A Hit with Students
Fred Olsen '97 addresses a standing room only audience about his journey from UNH to the Front Office of the Boston Red Sox.
What are the odds of a kid growing up in Durham, never pursuing baseball beyond t-ball, and yet becoming a valued contributor to two World Series Championships with the Boston Red Sox?
Fred Olsen ’97 not only reached this singular achievement by the time he was 38 – he’s got the key to Fenway Park to prove it.
Last month, Olsen came back to campus to share his journey into the highest ranks of Major League Baseball as part of the Center for International Education’s “Happy Returns” program. The two-day event called for Olsen, an International Affairs and business administration dual graduate, to deliver a public lecture as well as several guest lectures at Paul College and the College of Liberal Arts.
When students heard a key member of the Red Sox was coming, reports are that front row seats were a bit more in demand then usual.
“The energy was incredibly intense,” says Fred Olsen of the 2013 Red Sox season.
“I can honestly say that students asked more questions during his 20 minutes in my classes than they’ve asked all year,” quipped Bill Knowles, who teaches managerial accounting.
“It’s always great when someone from the business world comes into a classroom setting,” agrees lecturer Scott Berube. “It reinforces that they can use what they are learning in their careers.”
If positive reinforcement was a key point, Olsen hit the point out of the park. He recounted his valuable international exposure at UNH, where he participated in a bank internship in Greece, belonged to the French Club, and took international affairs classes. A dual citizen of the U.S. and France, Olsen graduated from UNH with a genuine thirst for adventure.
His adventure began on Wall Street, where, he says, he did what any red-blooded business graduate might do in the 90s: “I wanted to see if I could make a million bucks. I quickly discovered I wasn’t motivated primarily by money.” He left the financial capital of New York for the political capital of Washington, D.C., where he earned a master’s degree in international commerce and policy while rubbing shoulders with diplomats and entrepreneurs working at the European Institute, a public policy forum that focuses on transatlantic relations. In 2005, the newly minted M.A. and his wife, Meredith, returned to Boston, which could at the time arguably be called the baseball capital of America.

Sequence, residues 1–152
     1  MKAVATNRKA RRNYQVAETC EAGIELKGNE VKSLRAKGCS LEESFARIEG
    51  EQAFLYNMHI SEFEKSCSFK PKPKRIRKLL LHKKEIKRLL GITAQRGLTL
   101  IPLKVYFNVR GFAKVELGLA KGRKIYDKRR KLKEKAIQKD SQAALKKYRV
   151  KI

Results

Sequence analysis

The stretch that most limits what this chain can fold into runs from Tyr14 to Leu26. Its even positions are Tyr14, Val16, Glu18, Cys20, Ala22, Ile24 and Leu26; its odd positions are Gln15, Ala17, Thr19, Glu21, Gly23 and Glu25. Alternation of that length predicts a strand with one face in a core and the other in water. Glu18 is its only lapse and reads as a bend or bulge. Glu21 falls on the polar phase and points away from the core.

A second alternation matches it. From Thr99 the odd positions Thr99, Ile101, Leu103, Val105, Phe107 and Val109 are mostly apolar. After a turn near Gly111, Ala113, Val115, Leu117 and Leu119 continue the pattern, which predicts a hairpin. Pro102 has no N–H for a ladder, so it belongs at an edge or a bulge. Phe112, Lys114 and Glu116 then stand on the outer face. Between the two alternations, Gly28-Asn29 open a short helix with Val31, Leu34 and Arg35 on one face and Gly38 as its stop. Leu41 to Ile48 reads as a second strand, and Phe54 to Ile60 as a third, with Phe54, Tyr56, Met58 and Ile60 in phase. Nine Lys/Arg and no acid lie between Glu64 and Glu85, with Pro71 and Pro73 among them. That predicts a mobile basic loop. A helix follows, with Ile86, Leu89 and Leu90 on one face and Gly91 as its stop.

And so Olsen, urbane, well-educated, and experienced, did what any life-long Sox fan would do: He took a pay cut to work in the ticketing office.
“What can I say?” Olsen told his audience. “I was born a Red Sox fan and have always loved sports. But I was clear about my goals and told management that I intended to work my way up.”
That message resonated with students such as Brian Finney, a sophomore business major from Pelham, N.H. Finney says Olsen’s pursuit of his true passion impressed him most of all. “He left a fantastic job to pursue his dreams. That took guts,” says Finney.
It’s one thing to get hired by a major league ball club; it’s quite another thing to thrive in it. Yet, this is exactly what Olsen has accomplished since 2006. Taking on extra assignments and building networks within the organization, in 2009 Olsen jumped at the chance to serve as the project director for the NHL’s Winter Classic hockey contest at Fenway Park.
Unlike the two previous classics held at other North American venues that featured a single professional game, Olsen and his team paired a game between the Boston Bruins and Philadelphia Flyers with two college games. The series of events was dubbed “Frozen Fenway” and featured a dramatic come-from-behind win by the UNH women’s hockey team over Northeastern University.
The event was so successful that Olsen quickly found himself in charge of all non-baseball events at Fenway, including movie nights and international soccer “friendlies” featuring Liverpool FC, the fabled English soccer club his bosses John Henry and Tom Warner bought in 2010.
As the director of special projects – a job title as understated as the man himself – Olsen also assumed responsibility for post-season Front Office operations. Last year, this meant living and dying each and every moment of the Sox fairy tale comeback from the team’s epic 2011 collapse and the emotional aftershock of the Boston Marathon bombings.
“The energy was incredibly intense,” Olsen says. “Our offices are much closer to the stands and playing field than people realize. On game days, there’s a lot of excitement and enthusiasm coursing through the halls.”
Olsen’s got a business card that any UNH student would covet. On one side are his name and contacts. On the other side are a big red “B,” the words “World Series Champions,” and the dates of each championship – with plenty of room left for more.
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